Brexit: Medium Term Perspectives and Global Insights

With the United Kingdom having voted narrowly in favour of leaving European Union (EU) on 24 June, there was some initial, aggressive price reaction from investment markets. 

 

Key points

- Currency moves were substantial, particularly weakness in Sterling (GBP), while the United States Dollar index (USD) strengthened about 4% and the Japanese Yen also strengthened. The NZ dollar (NZD) declined 3% following the UK’s leave decision but has since steadied around 70 US cents. The NZD remains a little higher for the year to date, both against the USD and a broader trade weighted basis. Many initial currency moves were retraced over the course of the European and US sessions. 

- Apart from GBP, many of the falls in markets have reflected retracements in the rally of the previous week when ‘Remain’ was the widely expected outcome, or retracements to the lows seen in January and February, 2016.

- There is a high degree of uncertainty about the future, as the sustainability of the EU is being questioned and further referendums in the EU are probable. Scotland, which voted aggressively in favour of ‘Remain’, appears to be laying the groundwork for another Scottish referendum on independence, soon. This uncertainty could serve to undermine growth. However, for Eurozone countries, the hurdle to leave the Eurozone is higher than Britain leaving the EU as this involves adopting a new currency, paying higher interest rates etc. 

- There is a risk of recession in the UK. However, we will be closely watching the data and monitoring developments in our ongoing assessment of the risks to growth. UK assets appear to have priced in this uncertain future environment. It’s important to note that the UK economy represents only 2.4% of global GDP, so the economic impact of weaker UK growth on the global economy is unlikely to be significant.

- Contagion risks: financial stress on European banks (particularly Italian banks) could be the mechanism that causes the transmission of this event to go from a UK event with a global hiccup to a global recession.

- Investors should continue to gather information and assess the medium term implications.

- AMP Capital’s investment teams located in London have been providing on-the-ground insights and as developments unfold we will continue to draw on their perspectives for the benefit of our clients.

- Markets can overreact when presented with increased uncertainty, which can create dislocations and heightened volatility in the short-term. There will be investment opportunities in this environment as some markets become oversold, and we will continue to carefully consider portfolio strategy and medium term opportunities. Extract from AMP Capital, Insight 28 June 2016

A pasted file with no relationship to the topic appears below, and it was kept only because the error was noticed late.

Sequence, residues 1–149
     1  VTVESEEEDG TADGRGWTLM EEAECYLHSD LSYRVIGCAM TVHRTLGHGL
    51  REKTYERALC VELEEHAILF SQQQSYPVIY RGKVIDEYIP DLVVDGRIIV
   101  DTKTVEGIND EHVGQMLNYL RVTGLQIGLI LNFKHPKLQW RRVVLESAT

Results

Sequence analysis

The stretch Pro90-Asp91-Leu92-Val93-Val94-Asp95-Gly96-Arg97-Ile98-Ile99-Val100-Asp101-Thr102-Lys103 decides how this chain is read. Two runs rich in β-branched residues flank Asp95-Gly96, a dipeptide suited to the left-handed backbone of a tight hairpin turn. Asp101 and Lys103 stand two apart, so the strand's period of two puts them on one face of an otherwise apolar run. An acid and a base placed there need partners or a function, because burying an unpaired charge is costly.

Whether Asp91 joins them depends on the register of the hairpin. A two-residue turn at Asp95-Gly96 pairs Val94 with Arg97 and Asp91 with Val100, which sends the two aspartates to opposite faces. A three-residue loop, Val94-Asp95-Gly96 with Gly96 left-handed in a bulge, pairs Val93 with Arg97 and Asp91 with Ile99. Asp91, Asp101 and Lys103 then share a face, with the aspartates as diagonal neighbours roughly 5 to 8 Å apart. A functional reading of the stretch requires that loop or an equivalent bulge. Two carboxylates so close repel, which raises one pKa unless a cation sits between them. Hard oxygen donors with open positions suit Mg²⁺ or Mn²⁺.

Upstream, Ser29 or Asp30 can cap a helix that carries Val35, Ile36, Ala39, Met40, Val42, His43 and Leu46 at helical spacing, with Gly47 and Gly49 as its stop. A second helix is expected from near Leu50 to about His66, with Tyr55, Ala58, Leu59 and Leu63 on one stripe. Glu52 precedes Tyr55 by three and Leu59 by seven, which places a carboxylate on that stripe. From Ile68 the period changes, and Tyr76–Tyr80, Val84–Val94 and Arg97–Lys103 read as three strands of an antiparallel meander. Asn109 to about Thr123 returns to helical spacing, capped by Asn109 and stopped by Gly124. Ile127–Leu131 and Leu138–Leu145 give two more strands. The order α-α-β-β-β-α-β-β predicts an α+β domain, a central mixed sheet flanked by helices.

Extract from AMP Capital, Insight 28 June 2016.


Brexit: Medium Term Perspectives and Global Insights

With the United Kingdom having voted narrowly in favour of leaving European Union (EU) on 24 June, there was some initial, aggressive price reaction from investment markets.

With the United Kingdom having voted narrowly in favour of leaving European Union (EU) on 24 June, there was some initial, aggressive price reaction from investment markets. 

 

Key points

- Currency moves were substantial, particularly weakness in Sterling (GBP), while the United States Dollar index (USD) strengthened about 4% and the Japanese Yen also strengthened. The NZ dollar (NZD) declined 3% following the UK’s leave decision but has since steadied around 70 US cents. The NZD remains a little higher for the year to date, both against the USD and a broader trade weighted basis. Many initial currency moves were retraced over the course of the European and US sessions. 

- Apart from GBP, many of the falls in markets have reflected retracements in the rally of the previous week when ‘Remain’ was the widely expected outcome, or retracements to the lows seen in January and February, 2016.

- There is a high degree of uncertainty about the future, as the sustainability of the EU is being questioned and further referendums in the EU are probable. Scotland, which voted aggressively in favour of ‘Remain’, appears to be laying the groundwork for another Scottish referendum on independence, soon. This uncertainty could serve to undermine growth. However, for Eurozone countries, the hurdle to leave the Eurozone is higher than Britain leaving the EU as this involves adopting a new currency, paying higher interest rates etc. 

- There is a risk of recession in the UK. However, we will be closely watching the data and monitoring developments in our ongoing assessment of the risks to growth. UK assets appear to have priced in this uncertain future environment. It’s important to note that the UK economy represents only 2.4% of global GDP, so the economic impact of weaker UK growth on the global economy is unlikely to be significant.

- Contagion risks: financial stress on European banks (particularly Italian banks) could be the mechanism that causes the transmission of this event to go from a UK event with a global hiccup to a global recession.

- Investors should continue to gather information and assess the medium term implications.

- AMP Capital’s investment teams located in London have been providing on-the-ground insights and as developments unfold we will continue to draw on their perspectives for the benefit of our clients.

- Markets can overreact when presented with increased uncertainty, which can create dislocations and heightened volatility in the short-term. There will be investment opportunities in this environment as some markets become oversold, and we will continue to carefully consider portfolio strategy and medium term opportunities. Extract from AMP Capital, Insight 28 June 2016

 

Extract from AMP Capital, Insight 28 June 2016.


Brexit: Medium Term Perspectives and Global Insights
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